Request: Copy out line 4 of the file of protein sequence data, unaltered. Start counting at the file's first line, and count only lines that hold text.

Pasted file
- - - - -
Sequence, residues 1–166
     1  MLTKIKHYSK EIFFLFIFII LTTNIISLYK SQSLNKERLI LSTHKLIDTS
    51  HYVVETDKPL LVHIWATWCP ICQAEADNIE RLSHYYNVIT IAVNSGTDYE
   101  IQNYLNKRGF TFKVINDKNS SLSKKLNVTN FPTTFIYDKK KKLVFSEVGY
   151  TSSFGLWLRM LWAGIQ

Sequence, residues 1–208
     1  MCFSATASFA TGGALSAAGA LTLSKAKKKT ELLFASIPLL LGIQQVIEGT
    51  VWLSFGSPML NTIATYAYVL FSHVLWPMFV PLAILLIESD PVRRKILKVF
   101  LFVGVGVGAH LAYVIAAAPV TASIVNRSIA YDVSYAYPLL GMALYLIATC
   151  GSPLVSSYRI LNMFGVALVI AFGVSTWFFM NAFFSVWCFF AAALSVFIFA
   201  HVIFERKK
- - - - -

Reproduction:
   101  IQNYLNKRGF TFKVINDKNS SLSKKLNVTN FPTTFIYDKK KKLVFSEVGY